Several weeks ago, newFNP stepped in to do a well child exam on an 18-month old well known to her. NewFNP takes care of her grandma (scleroderma), her grandpa (missing frontal skull bone after 2 infected craniostomies following a truck tire exploding and striking him in the head) and her mother (21-year old with uncontrolled hypertension on 5 daily medications including clonidine with a history of methamphetamine use, now abstinent).
Thursday, August 20, 2009
When newFNP saw this child's hemoglobin, her heart sank. It was 4.9. The child's skin had an unhealthy grayish hue.
Repeat it, newFNP instructed her MA. Her blood was pinkish. The repeat hemoglobin was 4.5.
Shit, newFNP muttered.
Is it leukemia?, newFNP asked her colleague. It's leukemia, he responded. 4.9 is fucking low.
NewFNP went with the grandparents into the exam room as the young girl's mom was at work, where she is six days per week.
NewFNP told them that she needed to send the little girl to the hospital and that she was concerned about leukemia.
Never before has newFNP been on the verge of tears in an exam room. But she knows this family and she knows that they have been to hell and back and that they all still suffer and she loves taking care of all of them -- that is one of the joys of family practice.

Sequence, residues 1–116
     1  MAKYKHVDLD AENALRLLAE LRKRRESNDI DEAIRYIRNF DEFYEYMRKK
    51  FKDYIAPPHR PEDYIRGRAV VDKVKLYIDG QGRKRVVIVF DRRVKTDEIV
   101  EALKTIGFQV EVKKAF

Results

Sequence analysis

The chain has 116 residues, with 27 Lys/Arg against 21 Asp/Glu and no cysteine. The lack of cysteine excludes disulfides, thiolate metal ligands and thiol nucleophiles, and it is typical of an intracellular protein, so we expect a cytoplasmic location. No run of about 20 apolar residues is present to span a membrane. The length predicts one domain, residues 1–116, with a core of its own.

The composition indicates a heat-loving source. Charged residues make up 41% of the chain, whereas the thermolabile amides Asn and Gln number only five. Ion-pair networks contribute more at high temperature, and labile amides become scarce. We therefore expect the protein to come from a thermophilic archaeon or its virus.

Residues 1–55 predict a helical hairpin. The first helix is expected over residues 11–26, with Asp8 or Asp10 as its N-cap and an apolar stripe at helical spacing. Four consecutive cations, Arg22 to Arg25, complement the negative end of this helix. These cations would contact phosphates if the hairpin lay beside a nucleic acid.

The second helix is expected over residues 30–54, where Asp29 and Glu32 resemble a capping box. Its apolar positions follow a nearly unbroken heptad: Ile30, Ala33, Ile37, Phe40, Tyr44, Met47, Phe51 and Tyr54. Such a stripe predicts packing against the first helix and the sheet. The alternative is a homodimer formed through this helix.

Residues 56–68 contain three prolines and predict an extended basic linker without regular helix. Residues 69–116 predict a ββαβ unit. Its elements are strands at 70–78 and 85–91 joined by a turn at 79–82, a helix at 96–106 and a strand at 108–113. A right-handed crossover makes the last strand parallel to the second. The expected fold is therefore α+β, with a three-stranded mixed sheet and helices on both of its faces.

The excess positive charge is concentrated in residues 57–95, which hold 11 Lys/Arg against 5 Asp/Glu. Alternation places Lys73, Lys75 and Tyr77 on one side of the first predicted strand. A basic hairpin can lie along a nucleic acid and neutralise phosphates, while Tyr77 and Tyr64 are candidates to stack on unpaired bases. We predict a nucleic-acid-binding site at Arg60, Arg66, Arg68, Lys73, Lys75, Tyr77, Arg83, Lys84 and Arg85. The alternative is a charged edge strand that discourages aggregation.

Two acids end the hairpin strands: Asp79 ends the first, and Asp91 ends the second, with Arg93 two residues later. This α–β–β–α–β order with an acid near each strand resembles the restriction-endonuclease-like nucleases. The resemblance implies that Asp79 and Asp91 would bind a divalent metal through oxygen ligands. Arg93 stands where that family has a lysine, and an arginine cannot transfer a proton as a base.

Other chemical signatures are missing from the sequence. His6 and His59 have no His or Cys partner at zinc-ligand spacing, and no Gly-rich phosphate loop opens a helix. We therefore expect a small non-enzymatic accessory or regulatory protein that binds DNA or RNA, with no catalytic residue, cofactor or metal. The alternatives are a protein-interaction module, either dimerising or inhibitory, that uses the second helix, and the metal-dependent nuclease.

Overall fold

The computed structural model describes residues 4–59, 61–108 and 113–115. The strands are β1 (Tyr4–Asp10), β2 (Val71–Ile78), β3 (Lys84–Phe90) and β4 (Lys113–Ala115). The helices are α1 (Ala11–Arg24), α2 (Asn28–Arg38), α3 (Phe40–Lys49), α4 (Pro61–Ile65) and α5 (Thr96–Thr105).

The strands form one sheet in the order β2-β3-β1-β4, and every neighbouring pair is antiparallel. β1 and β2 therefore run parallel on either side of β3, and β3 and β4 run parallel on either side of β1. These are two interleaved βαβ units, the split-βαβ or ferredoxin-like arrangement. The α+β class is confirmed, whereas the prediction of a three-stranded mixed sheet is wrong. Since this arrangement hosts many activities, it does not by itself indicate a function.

She called the patient's mom and told her to come immediately to take her daughter to the emergency room. The patient was crying, her mom was crying, her grandma was crying. NewFNP was barely holding it together.
Hours later, newFNP spoke with the patient's mom to see what had transpired.
What had transpired was the this little girl was drinking upwards of 50 ounces of milk daily. She didn't have leukemia -- she was a lactoholic. She was discharged from the ER with iron. No transfusion, no nothing. Follow up and repeat the CBC in 2 weeks. NewFNP couldn't believe it.
4.9. From milk!??!!**
Her repeat CBCs have been greatly improving, her pallor has disappeared and she appears to be not at all suffering withdrawal from her milk dependence.
Pass it on.
**When kids drink too much milk, they don't eat iron-rich foods -- or much of any foods for that matter -- and they may have intestinal irritation that causes asymptomatic blood loss in the stool thus causing anemia.